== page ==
Select Committee on International Development Written Evidence

17. Memorandum submitted by the World Conference on Religions for Peace (United Kingdom Chapter)

  World Conference of Religions for Peace (Religions for Peace) was founded in 1970 and is the largest international coalition of representatives from the world's great religions dedicated to securing basic human rights, restorative justice and sustainable peace. We are active in more than 40 countries worldwide, from the United Kingdom and the United States of America, through Uganda, Kenya, Malawi, Mozambique and Cameroon, to the world's least developed and poorest country, Sierra Leone.[155]

  Religious communities are indubitably the largest and best-organised civil institutions in the world today, claiming the allegiance of billions of believers and bridging the divides of race and class. They are, therefore, uniquely equipped to help in the care and education of orphans and other vulnerable children, including those affected by HIV/AIDS, but not exclusively, so as to avoid stigmatisation and discrimination.

  Religions for Peace is, therefore, committed to helping these communities unleash their enormous potential for common action in meeting the challenge of an estimated 15 million orphans and other vulnerable children affected by AIDS, rising to more than 25 million AIDS orphans by 2010.

  Religions for Peace is a founding partner in the Hope for African Children Initiative, which is working to become a pan-African coalition of NGOs devoted to increasing the capacity of African communities to provide care, services and assistance for children affected by HIV/AIDS and their carers.

  Religions for Peace (UK Chapter) includes members of the Buddhist, Baha'i, Christian, Hindu, Jewish, Islamic, Sikh and Zoroastrian religions and is a founding partner in the AIDS Consortium: OVC Working Group. The AIDS Consortium has a membership of some 70 NGOs, whose areas of work include AIDS expertise and programmes. The OVC Working Group is, therefore, the foremost body, in the United Kingdom, representative of NGO commitment to AIDS orphans and their carers. The OVC Working Group remit is to co-ordinate advocacy, programmes, technical support and best practice, to help ensure maximum effectiveness of funded programmes to help AIDS orphans and their carers.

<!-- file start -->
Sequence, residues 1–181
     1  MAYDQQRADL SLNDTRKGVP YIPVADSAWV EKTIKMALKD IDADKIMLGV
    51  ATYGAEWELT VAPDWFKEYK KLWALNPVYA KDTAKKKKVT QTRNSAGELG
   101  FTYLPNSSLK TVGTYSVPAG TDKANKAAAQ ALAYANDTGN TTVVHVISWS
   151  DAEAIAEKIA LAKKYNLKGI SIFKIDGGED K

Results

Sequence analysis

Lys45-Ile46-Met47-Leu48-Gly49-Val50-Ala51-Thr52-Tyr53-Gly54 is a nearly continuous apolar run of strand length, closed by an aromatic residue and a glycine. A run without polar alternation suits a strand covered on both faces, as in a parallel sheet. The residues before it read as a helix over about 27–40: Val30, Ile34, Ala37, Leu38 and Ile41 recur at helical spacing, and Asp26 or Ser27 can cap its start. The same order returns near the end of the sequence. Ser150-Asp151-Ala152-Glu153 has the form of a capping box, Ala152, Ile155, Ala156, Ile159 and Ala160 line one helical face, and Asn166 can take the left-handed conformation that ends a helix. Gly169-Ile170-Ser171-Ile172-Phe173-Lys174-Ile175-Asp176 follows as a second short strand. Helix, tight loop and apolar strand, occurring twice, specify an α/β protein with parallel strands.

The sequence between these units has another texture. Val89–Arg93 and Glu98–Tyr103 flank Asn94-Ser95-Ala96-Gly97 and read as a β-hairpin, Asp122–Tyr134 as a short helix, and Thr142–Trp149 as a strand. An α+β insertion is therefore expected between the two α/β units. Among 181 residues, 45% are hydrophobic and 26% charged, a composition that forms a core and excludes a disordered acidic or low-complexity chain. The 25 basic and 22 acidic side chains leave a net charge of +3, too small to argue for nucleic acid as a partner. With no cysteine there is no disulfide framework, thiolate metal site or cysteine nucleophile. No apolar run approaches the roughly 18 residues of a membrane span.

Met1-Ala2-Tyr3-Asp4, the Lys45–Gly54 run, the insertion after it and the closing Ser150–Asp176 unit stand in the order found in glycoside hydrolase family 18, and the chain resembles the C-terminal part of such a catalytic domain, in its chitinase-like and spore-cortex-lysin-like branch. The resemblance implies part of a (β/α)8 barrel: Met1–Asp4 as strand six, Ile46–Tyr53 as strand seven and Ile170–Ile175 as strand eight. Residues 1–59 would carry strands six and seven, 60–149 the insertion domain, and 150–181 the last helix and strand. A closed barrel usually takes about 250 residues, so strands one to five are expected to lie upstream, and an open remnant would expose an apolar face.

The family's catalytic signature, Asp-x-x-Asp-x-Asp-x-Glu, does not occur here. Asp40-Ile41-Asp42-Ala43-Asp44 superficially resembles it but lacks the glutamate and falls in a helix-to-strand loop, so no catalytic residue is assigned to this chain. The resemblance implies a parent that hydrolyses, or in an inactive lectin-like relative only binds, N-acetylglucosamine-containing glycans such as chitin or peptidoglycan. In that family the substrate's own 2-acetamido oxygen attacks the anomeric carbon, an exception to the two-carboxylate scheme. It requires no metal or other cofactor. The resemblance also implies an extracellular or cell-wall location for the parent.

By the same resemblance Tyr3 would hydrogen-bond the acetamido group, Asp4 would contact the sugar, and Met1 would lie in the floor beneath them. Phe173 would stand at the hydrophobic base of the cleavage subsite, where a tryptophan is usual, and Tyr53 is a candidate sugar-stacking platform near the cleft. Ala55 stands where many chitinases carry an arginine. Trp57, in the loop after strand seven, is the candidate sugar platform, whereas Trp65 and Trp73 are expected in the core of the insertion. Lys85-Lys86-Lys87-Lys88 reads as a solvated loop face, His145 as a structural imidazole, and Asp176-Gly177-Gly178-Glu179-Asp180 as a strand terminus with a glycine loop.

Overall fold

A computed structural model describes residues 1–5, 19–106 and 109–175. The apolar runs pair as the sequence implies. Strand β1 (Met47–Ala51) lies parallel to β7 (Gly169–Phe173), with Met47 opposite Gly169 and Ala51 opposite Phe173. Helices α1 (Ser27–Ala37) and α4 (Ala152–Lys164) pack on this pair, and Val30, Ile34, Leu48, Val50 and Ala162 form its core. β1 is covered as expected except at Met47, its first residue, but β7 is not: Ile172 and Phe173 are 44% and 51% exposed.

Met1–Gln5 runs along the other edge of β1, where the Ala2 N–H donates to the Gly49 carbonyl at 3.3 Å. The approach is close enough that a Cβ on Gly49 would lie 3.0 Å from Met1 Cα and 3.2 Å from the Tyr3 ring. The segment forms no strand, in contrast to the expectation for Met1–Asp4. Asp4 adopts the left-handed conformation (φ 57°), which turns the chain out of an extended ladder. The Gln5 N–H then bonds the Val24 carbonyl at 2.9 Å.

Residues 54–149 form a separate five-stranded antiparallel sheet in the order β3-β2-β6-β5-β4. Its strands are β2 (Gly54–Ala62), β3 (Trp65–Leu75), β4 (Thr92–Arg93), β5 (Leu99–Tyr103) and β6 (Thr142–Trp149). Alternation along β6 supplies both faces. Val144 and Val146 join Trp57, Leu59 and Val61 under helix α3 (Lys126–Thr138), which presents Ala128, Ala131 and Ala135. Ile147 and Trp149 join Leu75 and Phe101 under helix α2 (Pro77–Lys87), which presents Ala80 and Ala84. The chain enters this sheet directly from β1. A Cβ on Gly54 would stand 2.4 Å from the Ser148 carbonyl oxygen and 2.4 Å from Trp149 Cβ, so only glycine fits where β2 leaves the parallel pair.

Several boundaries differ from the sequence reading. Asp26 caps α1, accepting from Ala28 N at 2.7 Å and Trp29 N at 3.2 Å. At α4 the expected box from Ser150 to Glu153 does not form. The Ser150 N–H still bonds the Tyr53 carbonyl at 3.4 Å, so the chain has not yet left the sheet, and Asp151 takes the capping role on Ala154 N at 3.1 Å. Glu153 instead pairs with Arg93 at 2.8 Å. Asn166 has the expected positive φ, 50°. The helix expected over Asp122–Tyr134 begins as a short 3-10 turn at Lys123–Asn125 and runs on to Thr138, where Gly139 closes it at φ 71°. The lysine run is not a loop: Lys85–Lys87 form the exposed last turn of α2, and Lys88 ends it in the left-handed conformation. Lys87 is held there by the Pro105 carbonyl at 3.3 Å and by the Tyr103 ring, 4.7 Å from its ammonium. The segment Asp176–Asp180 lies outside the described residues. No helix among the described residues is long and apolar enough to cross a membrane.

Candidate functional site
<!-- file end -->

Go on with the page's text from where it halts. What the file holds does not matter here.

Religions for Peace (UK Chapter) is involved, by way of practical example, in a concordat with Religions for Peace (Sierra Leone Chapter) and the Inter Religious Council of Sierra Leone. Together, we are actively exploring ways for the religious communities to help rebuild their sub-Saharan country after a decade of war. One of the most significant issues is the consequent increase in the incidence of HIV/AIDS and AIDS affected orphans. In Sierra Leone, Christians and Muslims, in particular, are working together despite almost insurmountable and intractable obstacles. There, through the funding and encouragement of the UK NGO, Hope and Homes for Children, we are actively supporting an indigenous NGO, Help a Needy Child International. HANCI is owned, staffed and managed by Sierra Leoneans, who help orphans and other vulnerable children and their carers. Their strategy focuses upon de-institutionalisation; care in small families that are funded and trained to become self-supporting; education, in general, and health care, including HIV/AIDS, in particular; and training for skills that will enhance the future prospects of each child, whilst complementing the needs of the local and national community.

  Religions for Peace (UK Chapter), therefore, recommends that:

  1.  The United Kingdom not only fully and actively support Article 65 of the United Nations Declaration of Commitment on HIV/AIDS, but also use the G8 to advocate the full support of our allies.

  2.  DFID carry out a strategic review that specifically identifies and provides for the needs of orphans and other vulnerable children and their carers.

  3.  The OVC Working Group be a prime contributor to the International Development Committee's consultation process and DFID's strategy review, so as to ensure that AIDS orphans and their carers are specifically, properly and fully included in the UK government's strategy for aid to developing countries.

  4.  Religions for Peace be a prime contributor to the International Development Committee's consultation process and DFID's strategy review, so as to ensure that religious communities, in the UK and in developing countries, are an integral part of the consultation process. These communities should also play a significant role in the UK government's strategy for tackling AIDS, in general, and the issues of AIDS orphans and their carers, in particular.

  5.  NGOs that embrace de-institutionalisation; direct involvement of local communities; national government advocacy; programmes that include indigenous staff and management; and best practice collaboration, should be actively encouraged to participate in the review process and on-going programme development.

  6.  Key strategic action should include:

    (a)  Strengthening the capacity of families to protect and care for orphans and vulnerable children by prolonging the lives of parents and providing economic, psychosocial and other support;

    (b)  Mobilizing and supporting community-based responses to provide both immediate and long-term assistance to vulnerable households;

    (c)  Ensuring access for orphans and vulnerable children to essential services, including education, health care, birth registration and others;

    (d)  Ensuring that governments protect the most vulnerable children through improved policy and legislation and by channelling resources to communities;

    (e)  Raising awareness at all levels through advocacy and social mobilization to create a supportive environment for children affected by HIV/AIDS.

March 2004

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